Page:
Beer chiefs change tack for fresh ‘Let there be beer’ push

The nation’s five biggest brewers are readying a marketing push to promote beer’s versatility after their initial joint-effort to reignite dwindling sales was slammed for focusing too heavily on mainstream beers.

Video: Let there be Beer TV advert

The summer campaign is the first fully integrated effort from the beer industry and centres on telling consumers “There’s More to Beer”. The strapline sums up plans to promote as many as beers as possible following “Let there be Beer’s launch TV campaign’s focus on mainstream beers such as Budweiser and Foster’s last year. 

Provenance, the craft of brewing, diversity of beer styles, food parings and taste will also play pivotal roles in upcoming work. Additionally, it is understood that promotions will highlight beer’s suitability in venues beyond the traditional pub and home drinking settings. Activities are currently being developed with organisers planning to unveil the new creative later this summer.

SapientNitro is shaping the strategy around a mix of traditional advertising techniques, technology and data. “Let there be Beer” declined to share further details but said ads will encompass the “full marketing mix” to engage connected consumers.

It is the first major change for the AB InBev, SAB Miller, Heineken, Molson Coors and Carlsberg funded initiative since it launched last June. The ad was banned six months later for implying alcohol improves popularity and has had a limited effect on alcohol sales in the UK. It was criticised by industry observers  for not demonstrating the diversity of the category. ,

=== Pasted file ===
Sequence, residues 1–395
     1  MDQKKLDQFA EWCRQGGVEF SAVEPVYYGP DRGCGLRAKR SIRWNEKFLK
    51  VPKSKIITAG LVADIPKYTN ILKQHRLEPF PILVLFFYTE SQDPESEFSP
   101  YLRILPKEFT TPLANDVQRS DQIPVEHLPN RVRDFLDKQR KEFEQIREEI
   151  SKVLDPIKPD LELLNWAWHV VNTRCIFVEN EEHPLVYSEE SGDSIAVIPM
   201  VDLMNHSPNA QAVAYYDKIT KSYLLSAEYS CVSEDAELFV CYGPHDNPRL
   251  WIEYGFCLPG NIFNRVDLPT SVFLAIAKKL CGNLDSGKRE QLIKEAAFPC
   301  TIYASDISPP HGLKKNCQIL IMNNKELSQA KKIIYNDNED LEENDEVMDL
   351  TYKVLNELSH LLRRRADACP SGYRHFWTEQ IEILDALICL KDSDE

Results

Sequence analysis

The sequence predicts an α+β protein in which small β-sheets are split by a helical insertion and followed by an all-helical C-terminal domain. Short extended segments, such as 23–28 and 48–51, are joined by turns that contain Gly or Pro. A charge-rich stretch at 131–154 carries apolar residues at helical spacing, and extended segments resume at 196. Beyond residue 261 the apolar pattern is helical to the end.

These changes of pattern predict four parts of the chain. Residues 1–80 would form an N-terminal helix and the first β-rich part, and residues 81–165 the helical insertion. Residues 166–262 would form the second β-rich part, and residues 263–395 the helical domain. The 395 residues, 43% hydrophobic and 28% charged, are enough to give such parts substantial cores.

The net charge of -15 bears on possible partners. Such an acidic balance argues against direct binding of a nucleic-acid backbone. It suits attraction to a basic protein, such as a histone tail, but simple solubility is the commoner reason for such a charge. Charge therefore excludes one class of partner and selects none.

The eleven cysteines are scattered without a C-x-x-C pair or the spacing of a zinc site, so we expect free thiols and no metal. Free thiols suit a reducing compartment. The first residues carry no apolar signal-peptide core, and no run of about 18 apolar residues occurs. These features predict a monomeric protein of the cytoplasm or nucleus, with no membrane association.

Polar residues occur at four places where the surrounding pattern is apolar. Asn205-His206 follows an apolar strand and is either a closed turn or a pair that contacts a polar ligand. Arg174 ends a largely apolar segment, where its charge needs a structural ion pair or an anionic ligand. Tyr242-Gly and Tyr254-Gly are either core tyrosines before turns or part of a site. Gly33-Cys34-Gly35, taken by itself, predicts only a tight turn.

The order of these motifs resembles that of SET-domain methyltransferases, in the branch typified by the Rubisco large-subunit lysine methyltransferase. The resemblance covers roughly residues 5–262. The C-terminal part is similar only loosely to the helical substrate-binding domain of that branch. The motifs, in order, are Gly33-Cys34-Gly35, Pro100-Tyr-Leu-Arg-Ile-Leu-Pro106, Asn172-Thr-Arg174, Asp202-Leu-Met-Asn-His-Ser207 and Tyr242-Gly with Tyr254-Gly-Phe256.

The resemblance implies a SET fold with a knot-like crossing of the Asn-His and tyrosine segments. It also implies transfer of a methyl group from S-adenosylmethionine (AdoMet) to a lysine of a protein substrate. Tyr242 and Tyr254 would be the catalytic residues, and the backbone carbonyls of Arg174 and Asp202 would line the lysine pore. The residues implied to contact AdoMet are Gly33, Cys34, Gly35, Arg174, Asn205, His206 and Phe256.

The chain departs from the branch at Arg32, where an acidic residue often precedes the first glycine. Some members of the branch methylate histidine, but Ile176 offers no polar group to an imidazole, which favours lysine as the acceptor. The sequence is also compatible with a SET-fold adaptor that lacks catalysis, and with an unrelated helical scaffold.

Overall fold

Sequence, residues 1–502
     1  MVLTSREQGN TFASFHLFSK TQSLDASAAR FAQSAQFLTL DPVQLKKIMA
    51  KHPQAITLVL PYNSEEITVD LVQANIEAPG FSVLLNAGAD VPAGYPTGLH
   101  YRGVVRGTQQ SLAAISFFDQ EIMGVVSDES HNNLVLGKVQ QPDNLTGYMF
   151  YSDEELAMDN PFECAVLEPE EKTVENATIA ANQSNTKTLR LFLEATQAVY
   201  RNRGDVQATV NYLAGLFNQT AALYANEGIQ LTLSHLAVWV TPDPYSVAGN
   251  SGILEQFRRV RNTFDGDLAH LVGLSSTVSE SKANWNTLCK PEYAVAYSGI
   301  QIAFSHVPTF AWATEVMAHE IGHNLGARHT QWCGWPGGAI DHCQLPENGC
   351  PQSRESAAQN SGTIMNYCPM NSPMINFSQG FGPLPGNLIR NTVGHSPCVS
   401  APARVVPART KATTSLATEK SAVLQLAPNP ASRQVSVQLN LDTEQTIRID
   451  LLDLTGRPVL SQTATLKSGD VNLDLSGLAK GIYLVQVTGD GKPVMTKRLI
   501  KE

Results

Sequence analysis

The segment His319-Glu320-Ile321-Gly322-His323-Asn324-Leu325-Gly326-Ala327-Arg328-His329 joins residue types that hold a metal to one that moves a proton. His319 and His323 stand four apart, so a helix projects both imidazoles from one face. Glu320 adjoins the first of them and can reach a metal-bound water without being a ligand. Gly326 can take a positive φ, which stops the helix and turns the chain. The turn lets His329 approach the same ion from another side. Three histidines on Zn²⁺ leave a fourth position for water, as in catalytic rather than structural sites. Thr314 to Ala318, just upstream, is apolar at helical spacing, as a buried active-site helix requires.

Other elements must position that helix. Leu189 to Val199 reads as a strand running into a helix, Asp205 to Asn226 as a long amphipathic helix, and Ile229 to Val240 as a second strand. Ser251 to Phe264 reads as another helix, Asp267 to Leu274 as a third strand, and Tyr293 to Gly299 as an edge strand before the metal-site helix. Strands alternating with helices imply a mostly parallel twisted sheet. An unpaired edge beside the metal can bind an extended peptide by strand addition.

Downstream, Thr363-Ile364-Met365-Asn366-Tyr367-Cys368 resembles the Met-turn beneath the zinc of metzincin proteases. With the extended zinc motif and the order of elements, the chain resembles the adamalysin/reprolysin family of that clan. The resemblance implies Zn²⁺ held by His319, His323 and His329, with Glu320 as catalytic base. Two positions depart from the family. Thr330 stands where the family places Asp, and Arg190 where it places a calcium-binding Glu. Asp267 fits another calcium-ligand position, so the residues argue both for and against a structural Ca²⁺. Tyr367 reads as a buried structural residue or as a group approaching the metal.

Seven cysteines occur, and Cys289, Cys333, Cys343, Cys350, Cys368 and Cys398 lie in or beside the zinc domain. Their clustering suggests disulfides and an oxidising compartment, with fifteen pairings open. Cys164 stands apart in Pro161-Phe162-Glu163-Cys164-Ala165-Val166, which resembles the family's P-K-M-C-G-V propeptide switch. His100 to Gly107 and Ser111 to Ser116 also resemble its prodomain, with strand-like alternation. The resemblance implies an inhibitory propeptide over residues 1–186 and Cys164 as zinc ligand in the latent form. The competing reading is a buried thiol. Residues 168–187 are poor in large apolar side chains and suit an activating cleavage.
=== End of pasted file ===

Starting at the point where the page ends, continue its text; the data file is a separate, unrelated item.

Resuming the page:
Jonny Forsyth, global drinks analyst at Mintel, says the “generic” campaign “”failed” to win round drinkers because it adopted the same type of advertising themes that defined the category in the 90s and early noughties.

He said: “Last year’s campaign reinforced the problems that pushed the beer category into decline in the first place. It promoted mainstream lagers and reinforced the category’s laddish connotations because of the use of generic terms like refreshing. The days of wanting a generic lager are gone and the upcoming campaign needs to appeal to a more sophisticated and adventurous type of consumer.

“When we look at our own research we’re seeing that its not just price and branding that are winning over customers in stores. There’s a growing demand of people wanting to understand the provenance of beers as well experience something premium. This depth of category is what will pull women to beer in a way that the previous campaign was unable to.”

Rising demand for a broader choice of beers is highlighted in the emergence of flavoured variants. The flavoured on-trade market is projected to be worth £400m by 2016, according to alcohol consultants CGA Strategy, with core consumers coming from the 18 to 25 range. The popularity of flavoured beers alongside craft beers and cask ales has buoyed the category outright. Beer sales increased 0. 8 per cent in the three months to December, marking the first two consecutive quarters of growth in 10 years, according to the British Beer and Pub Association.



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